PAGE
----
Pieced Backs

Not too long ago, Frances asked, in one of her podcast episodes, about making pieced backs and whether there was a tutorial.

I didn’t look for one, but I knew I had a back to make soon (for the Stepping Stones), so I thought about taking the opportunity to make a tutorial.

As I have mentioned in the past, once the top is finished, I am done with the project and want to move on. I love piecing. The other parts, such as making the back, making the binding and label, quilting are all dull for me. However, I have found that the Finishing Fairy does not visit my house and I have to do my own finishing or finish by checkbook.

My first step was figuring out how I make the pieced back. The basic premise is easy: sew pieces of fabric together until you have a piece large enough to accommodate the quilt.

What I realized is that it isn’t quite as easy as a step 1, step 2, etc tutorial. I sew bits and pieces together as I am making the quilt that end up larger when I am ready to sew the back together. You aren’t going to have the same size pieces as I have. So, this will be more like a guide rather than a tutorial.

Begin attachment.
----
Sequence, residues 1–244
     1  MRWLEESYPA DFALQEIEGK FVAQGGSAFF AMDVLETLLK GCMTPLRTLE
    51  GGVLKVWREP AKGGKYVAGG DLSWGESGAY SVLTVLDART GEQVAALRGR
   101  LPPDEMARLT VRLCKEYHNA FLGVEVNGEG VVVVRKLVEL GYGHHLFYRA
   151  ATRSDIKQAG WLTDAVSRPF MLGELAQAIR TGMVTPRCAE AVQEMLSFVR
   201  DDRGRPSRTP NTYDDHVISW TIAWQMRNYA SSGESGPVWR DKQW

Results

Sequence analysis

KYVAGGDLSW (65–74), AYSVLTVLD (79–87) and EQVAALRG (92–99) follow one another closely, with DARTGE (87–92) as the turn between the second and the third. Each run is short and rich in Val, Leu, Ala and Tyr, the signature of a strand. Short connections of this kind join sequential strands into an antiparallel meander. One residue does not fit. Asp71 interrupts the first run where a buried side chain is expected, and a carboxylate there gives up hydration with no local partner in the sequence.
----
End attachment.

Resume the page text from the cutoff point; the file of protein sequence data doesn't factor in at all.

I am a firm believer in not buying new fabric just for the back. Yes, it would be easier, but I have a lot of fabric and I might as well use it. I try to use the largest pieces possible as well as the pieces I have sewn together while making the quilt.

The first thing I do is make a label. I make my labels using a word processing program (Google Docs would work just fine) and then I print the piece out on paper backed fabric. I have also used the stitch letters on my sewing machine to write out a label.

The label will be sewn into the back, so as soon as I peel the fabric off the paper I start sewing. Know your paper backed fabric  and ink so that you know whether the ink will wash out immediately, over time, or not at all. I use fabric backed paper from Dharma Trading Company and my regular ink jet printer.

Tip #1: larger pieces make the back go together faster

When I made the back for FOTY 2010, I purposefully used really large pieces. That was the best back experience of my life, because it went together really fast. I suggest you start out this way with pieced backs so you don’t lose your mind. This is your fair warning!

Tip #2: As with blocks, sew from smallest to largest.

I start with the label and surround it with fabric until I have about 1.5′ from the right hand side of the back and about the same from the bottom.